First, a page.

Regulatory Capital: How's your regulatory capital? When was the last time you checked? Does your firm meet the working capital requirements under NI 31-103 (as calculated using Form 31-103F1ÿCalculation of Excess Working Capital) for investment fund managers? All registered firms are required to ensure that excess working capital is not less than zero for two consecutive days. If at any time the firm's working capital is less than zero, it must be reported to the firm's principal regulator immediately. You must file a copy of any subordination agreement the effect of which is to exclude an amount from your long-term related party debt (as calculated on Form 31-103F1ÿCalculation of Excess Working Capital). Before repaying any part of the subordinated loan or terminating the subordination agreement, you must provide your principal regulator with five days' prior written notice. Registrants cannot guarantee the debt of any other entity, including related companies, without impacting working capital.
Regulatory Insurance: Does your firm meet the insurance requirements under NI 31-103? Minimum insurance requirements increase with your firm assets or assets under management, and your coverage should be reviewed on a regular basis to ensure that it continues to meet the requirements of NI 31-103. Your board of directors should review and approve the insurance coverage at least annually.
Know-Your-Client (KYC), Suitability and Disclosure to Clients: NI 31-103 requires all registered firms to "know-your-client" and to do a suitability assessment before advising or conducting a trade on behalf of a client. If you wish to avail yourself of the "permitted client" exemption in this regard, make sure you fully understand when it is available and from what practices you are exempt. Dealer firms must also know their product (KYP) before they can properly assess suitability - as a hedge fund manager you may find yourself spending more time educating your distribution network about the features of your hedge fund product. If you sell your fund through an agent, make sure that they are registered and conducting KYC in accordance with NI 31-103, otherwise that obligation falls on you. If you have legacy files that do not have a written record of KYC information, ensure that KYC forms are completed and put into the file. Also ensure KYC information in all files is kept current - the frequency of your updates will depend very much on the nature of the client and the nature of the investment. Note that, as a registrant, your firm cannot delegate KYC and suitability obligations to other parties. Even if a client has been referred to you, you should still be conducting your own KYC and suitability assessment of the referred client. Make sure that all of your dealer and advisory clients have received a document (within or alongside the offering memorandum or subscription or managed account agreement) setting out your duties, your fees and the client's investment mandate, and all other client disclosures required by NI 31-103.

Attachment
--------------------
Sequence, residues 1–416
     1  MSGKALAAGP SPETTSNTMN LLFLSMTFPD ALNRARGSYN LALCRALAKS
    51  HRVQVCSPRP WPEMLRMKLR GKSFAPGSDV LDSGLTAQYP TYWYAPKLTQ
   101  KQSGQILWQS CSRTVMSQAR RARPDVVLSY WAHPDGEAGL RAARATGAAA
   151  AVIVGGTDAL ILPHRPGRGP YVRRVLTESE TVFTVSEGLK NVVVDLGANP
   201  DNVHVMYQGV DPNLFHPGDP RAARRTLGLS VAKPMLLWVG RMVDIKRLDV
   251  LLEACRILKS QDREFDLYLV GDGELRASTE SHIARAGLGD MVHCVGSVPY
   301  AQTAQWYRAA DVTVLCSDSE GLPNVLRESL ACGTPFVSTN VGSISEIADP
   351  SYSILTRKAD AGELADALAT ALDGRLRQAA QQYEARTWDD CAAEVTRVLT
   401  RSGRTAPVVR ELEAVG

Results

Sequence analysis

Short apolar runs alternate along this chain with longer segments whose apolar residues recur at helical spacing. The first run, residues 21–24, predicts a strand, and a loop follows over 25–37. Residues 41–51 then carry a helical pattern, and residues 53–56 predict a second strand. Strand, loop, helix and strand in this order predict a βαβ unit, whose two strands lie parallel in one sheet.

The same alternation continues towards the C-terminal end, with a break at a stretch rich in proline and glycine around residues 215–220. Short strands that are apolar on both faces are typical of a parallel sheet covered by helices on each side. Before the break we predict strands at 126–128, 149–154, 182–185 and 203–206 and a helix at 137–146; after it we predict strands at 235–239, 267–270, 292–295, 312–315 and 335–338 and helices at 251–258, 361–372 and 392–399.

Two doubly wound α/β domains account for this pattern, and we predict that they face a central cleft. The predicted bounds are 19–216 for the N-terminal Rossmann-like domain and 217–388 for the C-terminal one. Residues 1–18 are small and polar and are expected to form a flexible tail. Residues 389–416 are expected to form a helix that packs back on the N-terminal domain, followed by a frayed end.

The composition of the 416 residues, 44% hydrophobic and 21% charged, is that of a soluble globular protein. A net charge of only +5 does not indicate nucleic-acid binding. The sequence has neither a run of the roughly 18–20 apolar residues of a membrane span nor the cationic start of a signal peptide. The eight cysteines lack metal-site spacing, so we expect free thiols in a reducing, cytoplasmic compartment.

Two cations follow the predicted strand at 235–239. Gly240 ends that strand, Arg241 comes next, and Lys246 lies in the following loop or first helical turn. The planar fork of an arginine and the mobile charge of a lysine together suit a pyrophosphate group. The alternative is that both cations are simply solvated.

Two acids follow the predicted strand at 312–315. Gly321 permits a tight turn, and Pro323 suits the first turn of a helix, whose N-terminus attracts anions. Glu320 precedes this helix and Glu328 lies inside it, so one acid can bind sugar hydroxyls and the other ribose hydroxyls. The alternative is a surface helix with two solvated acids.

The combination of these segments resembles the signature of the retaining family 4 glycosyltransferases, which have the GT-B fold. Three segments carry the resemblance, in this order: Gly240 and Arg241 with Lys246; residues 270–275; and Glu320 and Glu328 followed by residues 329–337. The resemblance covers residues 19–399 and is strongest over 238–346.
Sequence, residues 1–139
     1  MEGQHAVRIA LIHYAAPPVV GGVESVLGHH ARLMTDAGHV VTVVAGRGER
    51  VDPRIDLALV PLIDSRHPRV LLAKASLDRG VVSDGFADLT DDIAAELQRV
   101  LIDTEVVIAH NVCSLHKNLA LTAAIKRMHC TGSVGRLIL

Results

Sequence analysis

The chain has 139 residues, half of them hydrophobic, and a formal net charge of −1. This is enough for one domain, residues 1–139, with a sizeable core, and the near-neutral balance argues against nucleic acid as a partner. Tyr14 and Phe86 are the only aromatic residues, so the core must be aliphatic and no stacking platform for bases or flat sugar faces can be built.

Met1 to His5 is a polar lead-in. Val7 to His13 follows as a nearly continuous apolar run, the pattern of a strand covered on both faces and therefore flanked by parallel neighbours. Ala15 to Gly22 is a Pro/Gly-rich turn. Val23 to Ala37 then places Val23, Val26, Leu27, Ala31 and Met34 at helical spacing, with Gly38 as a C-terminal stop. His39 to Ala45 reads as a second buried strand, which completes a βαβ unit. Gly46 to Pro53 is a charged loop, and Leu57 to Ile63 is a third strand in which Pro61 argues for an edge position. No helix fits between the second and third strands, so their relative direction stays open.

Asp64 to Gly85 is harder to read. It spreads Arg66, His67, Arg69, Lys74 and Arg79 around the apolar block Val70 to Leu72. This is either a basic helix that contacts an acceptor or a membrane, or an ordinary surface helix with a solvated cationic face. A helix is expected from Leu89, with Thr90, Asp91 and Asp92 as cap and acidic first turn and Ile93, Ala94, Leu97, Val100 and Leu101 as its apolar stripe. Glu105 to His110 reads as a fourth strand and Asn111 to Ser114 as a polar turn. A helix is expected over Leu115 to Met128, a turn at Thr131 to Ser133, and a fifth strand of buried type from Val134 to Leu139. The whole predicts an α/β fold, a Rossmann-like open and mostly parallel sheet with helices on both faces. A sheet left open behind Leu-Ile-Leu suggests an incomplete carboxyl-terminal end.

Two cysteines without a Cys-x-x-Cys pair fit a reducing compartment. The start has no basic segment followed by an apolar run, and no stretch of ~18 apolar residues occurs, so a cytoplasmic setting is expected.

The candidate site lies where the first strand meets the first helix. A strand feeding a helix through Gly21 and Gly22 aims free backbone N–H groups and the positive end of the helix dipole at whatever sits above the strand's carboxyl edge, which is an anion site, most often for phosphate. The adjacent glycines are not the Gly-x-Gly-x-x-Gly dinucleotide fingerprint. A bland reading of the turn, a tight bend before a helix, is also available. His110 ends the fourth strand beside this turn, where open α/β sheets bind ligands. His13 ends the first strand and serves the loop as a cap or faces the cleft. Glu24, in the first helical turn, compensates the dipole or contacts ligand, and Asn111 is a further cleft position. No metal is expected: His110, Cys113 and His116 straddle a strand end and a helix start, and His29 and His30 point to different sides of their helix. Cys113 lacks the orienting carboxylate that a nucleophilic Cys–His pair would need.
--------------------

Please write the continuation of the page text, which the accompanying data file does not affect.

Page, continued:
Side Letters: Long the bane of fund managers, side letters have caught the attention of the regulators. In OSC Staff Notice 33-734, the OSC explained that staff have concerns with investment fund managers giving preferential treatment to one or more investors in the same class of units of an investment fund (for example, preferential portfolio transparency, redemption rights, fund reporting and fees), as this can disadvantage the other investors. As an alternative to side letters, and assuming a fund's constating documents permit it, consider issuing a different class of units and disclosing the rights and terms of each such class in the fund's offering document.
Prohibited Investments: Are you familiar with the investment restrictions set out in securities laws that may apply to your investment fund? For example, investment funds that meet the definition of a "mutual fund" in Ontario have specific prohibitions against investments in securities of their related parties, and investments in a person or company in which the mutual fund, alone or together with its related mutual funds, owns more than 20 percent of the outstanding voting securities. In addition, a portfolio manager is prohibited from causing an investment fund for which it acts as adviser from purchasing a security of an issuer in which a "responsible person" or an associate of a responsible person is a partner, officer or director unless this fact is disclosed to the client and the prior written consent of the client is obtained (note that disclosure should be provided to, and consent obtained from, each securityholder of the investment fund in order for it to be meaningful). Inter-fund trading between funds under common management is prohibited in the absence of exemptive relief.
Client Complaints: Are you aware of, and prepared for, the looming September 28, 2011 (Note: After the first publication of this advisory, the date has been extended to September 28, 2012) deadline for making available independent dispute resolution or mediation services to your clients to resolve client complaints? After September 28, 2012, if a person or company makes a complaint to you about any of your trading or advising activities, you must as soon as possible inform the person or company of how to contact and use the dispute resolution or mediation services which you offer (note, however, that if your firm obtained registration after September 28, 2009, you are already required to have in place independent dispute resolution or mediation services). All registered firms are already required to document and respond to client complaints about products or services which you offer. Firms operating in Qubec must comply with Qubec regulations that apply (and have applied for some years) to complaints raised by residents of that province.
Offering Memorandum: When was the last time you updated your funds' offering memorandum? Did you file it with any securities commission? Certain provinces, such as Ontario, require an offering memorandum to be filed within 10 days of the first closing of the sale of units or other securities in respect of which the offering memorandum was used (in Qubec, the offering memorandum must be filed "without delay"). Each time the offering memorandum is updated, a new copy must be filed.